Untitled (2017–2019) is in keeping with the stick-figure compositions begun by Shapiro in the 1980s. Here, figuration is distilled to six rectangular shapes, reducing the almost life-sized human form to sharp lines and hard corners while still retaining a dynamism of implied movement that engages and excited the viewer. Conveying a pioneering approach to balance, Shapiro’s sculptures often depict a figure in the act of dancing, running, jumping, contorting, or falling, always choreographed in just a way as to seemingly simultaneously defy, and succumb to, earth’s gravitational pull. Untitled encapsulates Shapiro’s amalgamation of postmodernist Minimalism and Geometric abstraction, with an additionally playful approach to color and composition.

Raqib Shaw, Summer Dance I-V, 2018, acrylic, graphite, enamel, and rhinestones on paper, 8-1/16" × 8-1/16" (20.5 cm × 20.5 cm), 5 images, each 10-1/2" × 10-1/2" × 1-1/2" (26.7 cm × 26.7 cm × 3.8 cm) frames, each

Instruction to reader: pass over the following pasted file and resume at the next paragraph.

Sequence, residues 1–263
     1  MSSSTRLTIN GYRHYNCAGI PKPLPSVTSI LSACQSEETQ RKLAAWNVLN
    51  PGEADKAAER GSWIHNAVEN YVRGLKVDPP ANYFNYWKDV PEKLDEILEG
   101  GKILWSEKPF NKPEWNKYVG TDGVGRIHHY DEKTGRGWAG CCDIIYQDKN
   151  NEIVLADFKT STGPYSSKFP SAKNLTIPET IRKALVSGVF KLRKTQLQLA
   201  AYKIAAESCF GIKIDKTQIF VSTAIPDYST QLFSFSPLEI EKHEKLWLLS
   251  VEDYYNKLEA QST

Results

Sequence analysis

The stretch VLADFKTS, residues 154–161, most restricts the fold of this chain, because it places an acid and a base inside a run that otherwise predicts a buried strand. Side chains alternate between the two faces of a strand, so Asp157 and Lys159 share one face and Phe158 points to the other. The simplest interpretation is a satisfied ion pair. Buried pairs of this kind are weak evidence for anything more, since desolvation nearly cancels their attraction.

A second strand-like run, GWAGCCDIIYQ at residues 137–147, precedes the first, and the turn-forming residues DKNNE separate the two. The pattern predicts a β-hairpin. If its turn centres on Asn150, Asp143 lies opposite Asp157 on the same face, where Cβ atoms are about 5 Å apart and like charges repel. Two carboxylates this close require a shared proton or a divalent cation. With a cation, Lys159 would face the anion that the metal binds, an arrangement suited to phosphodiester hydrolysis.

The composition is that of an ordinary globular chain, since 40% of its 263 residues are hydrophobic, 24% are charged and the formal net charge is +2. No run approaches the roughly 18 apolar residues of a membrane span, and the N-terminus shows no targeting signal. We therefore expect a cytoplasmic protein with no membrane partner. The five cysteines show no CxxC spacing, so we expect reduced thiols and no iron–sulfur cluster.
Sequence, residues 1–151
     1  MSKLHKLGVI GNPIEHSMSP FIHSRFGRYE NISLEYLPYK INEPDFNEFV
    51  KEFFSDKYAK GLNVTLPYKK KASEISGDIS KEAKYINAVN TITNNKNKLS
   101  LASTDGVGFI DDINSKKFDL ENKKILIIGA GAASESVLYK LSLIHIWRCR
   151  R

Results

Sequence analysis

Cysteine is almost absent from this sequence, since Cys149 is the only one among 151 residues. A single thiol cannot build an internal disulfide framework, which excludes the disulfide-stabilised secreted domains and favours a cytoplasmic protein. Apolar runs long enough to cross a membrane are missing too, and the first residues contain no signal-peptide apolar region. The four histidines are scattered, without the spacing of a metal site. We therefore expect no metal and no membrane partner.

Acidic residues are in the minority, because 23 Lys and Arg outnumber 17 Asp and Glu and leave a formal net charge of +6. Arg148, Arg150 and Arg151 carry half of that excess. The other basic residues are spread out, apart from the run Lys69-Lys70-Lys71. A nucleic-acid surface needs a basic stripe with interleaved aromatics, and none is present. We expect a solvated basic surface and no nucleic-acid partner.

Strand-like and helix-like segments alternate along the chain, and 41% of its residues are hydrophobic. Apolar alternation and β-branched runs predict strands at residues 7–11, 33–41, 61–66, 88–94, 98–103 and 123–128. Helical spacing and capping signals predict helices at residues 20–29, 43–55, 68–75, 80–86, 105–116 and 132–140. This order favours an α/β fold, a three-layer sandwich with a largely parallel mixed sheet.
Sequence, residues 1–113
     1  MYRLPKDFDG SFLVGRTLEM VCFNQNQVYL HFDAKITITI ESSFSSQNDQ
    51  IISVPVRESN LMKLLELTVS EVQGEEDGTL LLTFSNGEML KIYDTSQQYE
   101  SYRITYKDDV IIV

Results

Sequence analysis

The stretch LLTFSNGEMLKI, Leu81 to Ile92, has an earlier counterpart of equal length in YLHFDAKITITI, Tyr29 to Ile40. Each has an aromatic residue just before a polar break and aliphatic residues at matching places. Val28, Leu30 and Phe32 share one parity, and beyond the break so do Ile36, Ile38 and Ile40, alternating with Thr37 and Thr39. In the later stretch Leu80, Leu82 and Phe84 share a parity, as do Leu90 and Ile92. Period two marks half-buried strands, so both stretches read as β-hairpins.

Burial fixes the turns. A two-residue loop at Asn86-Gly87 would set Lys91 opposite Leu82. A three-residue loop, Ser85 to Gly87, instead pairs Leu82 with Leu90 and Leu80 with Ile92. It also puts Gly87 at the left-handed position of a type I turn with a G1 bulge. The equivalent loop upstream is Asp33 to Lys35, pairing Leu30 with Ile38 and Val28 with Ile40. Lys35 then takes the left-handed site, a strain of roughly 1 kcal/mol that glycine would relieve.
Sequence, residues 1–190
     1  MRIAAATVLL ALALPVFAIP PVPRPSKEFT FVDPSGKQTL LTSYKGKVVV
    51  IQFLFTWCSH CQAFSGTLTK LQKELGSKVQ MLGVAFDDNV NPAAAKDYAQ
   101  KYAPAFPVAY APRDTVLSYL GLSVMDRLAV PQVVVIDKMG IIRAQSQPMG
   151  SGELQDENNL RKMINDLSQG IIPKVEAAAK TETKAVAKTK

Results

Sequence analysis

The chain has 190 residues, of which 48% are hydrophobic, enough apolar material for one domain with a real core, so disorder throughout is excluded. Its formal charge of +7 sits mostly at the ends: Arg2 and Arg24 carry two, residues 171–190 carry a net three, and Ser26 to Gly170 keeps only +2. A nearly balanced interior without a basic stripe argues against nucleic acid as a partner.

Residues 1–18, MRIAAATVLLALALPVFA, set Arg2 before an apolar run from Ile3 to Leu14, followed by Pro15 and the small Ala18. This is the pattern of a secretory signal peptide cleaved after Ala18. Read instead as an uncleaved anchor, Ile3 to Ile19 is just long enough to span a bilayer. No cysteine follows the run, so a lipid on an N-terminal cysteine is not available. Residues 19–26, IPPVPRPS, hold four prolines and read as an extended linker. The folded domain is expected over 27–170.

Raqib Shaw

Raqib Shaw mines the personal experiences of both his childhood in Kashmir, India, and his emigration to the UK in 1998 to create labor-intensive artworks that unite eastern and western iconography and visual history. Shaw’s practice centers around the use of enamel paint diligently applied and manipulated with a porcupine quill to achieve an impressive level of meticulous detail and surface texture. Additionally, Shaw furnishes his opulent, paradisal scenes with gemstones and rhinestones, as well as embossed gold detailing comparable to the traditional cloisonné technique used in early Asian pottery. Though incorporating fantastical subject matter and fanciful narratives, Shaw’s artworks are rooted in the artist’s rich and diverse interests and influences, including Persian carpets and miniatures, Japanese architecture and ceremonial garments, Renaissance paintings, and medieval heraldic symbols.